History as Meaning: A Humean Theory of Knowledge
Dr Boris DeWiel.
A proper theory of knowledge should be able to explain itself, but this creates a self-referential problem. Every analysis of ideas is itself a set of ideas and every attempt to explain our worldview is itself part of that worldview. There is no way to step outside of our own ideas in order to look down upon them from an objective, Archimedean or God's-eye perspective. Hume's theory that knowledge is customary allows us to find a way out of the self-referential problem. The key to this theory is that at no time do we attempt to step outside of our own conceptual framework to a mythical Archimedean or God's eye perspective. Instead, a Humean method based on the diachronic tracing of the history of ideas allows us to explore the meaning of our ideas from within. Rather than standing outside of our own conceptual scheme, we trace its incremental development from inside by tracing the traditions of thought to which we belong. We stay within the horizons of our own worldview but extend them historically to observe the development of that worldview. Our paradigm may shift but those changes must be observed from within. Thus the methodology of the diachronic history of ideas can provide the theoretical foundations of a post-Humean theory of knowledge that avoids the foundationalist problems of alternative approaches.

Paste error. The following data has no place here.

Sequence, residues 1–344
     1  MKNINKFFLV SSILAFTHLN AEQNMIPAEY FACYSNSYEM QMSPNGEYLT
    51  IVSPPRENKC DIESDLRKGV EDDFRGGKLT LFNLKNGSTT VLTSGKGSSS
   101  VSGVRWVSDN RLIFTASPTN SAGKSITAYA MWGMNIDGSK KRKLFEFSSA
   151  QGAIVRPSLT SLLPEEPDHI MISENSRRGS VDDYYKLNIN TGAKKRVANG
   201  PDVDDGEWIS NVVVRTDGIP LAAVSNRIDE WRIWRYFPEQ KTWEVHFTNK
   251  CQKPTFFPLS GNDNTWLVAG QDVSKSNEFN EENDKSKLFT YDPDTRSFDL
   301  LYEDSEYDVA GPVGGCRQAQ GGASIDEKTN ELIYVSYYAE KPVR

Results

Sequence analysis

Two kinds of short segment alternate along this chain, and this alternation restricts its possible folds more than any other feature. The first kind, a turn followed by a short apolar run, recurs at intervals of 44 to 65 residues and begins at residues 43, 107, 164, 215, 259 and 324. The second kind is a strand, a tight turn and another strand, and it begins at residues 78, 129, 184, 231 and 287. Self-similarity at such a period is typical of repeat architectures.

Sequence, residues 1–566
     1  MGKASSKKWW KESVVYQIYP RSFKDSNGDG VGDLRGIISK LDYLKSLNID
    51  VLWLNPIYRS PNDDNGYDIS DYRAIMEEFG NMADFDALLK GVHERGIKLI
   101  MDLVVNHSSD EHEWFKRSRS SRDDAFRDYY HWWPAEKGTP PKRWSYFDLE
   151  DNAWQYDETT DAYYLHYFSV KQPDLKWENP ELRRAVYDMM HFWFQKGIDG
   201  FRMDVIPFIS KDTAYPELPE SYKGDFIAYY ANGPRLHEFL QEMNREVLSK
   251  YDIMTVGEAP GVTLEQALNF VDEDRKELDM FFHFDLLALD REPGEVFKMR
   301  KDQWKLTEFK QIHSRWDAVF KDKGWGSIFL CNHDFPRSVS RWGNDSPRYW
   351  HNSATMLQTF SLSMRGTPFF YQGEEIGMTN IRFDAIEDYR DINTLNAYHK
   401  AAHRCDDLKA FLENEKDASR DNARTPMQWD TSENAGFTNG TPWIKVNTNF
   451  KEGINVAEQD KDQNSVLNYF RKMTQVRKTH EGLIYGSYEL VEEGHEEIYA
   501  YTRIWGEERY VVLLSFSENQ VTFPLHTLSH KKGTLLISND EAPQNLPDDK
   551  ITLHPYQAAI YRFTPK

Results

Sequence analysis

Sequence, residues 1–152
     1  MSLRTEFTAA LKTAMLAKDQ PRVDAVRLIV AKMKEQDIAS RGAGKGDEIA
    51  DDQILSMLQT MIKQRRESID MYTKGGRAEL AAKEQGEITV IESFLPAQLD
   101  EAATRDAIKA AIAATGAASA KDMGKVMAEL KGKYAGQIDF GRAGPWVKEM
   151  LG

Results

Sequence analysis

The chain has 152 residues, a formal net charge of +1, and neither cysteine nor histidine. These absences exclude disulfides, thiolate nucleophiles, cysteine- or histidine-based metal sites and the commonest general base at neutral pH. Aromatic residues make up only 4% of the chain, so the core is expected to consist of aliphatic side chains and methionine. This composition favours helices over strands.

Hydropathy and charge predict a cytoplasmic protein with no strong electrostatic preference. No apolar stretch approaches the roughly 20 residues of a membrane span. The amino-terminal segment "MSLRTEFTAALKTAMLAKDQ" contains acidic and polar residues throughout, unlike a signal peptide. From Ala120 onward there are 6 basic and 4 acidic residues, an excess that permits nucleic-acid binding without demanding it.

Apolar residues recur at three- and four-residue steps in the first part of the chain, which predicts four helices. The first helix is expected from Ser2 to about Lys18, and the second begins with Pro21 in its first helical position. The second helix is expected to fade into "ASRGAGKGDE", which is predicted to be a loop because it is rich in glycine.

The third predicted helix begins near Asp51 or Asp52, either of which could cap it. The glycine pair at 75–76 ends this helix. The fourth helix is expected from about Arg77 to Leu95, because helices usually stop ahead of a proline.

Dr Boris DeWiel (Canada)
Political Science Program
University of Northern British Columbia
Person as Subject
(30 min. Conference Paper, English)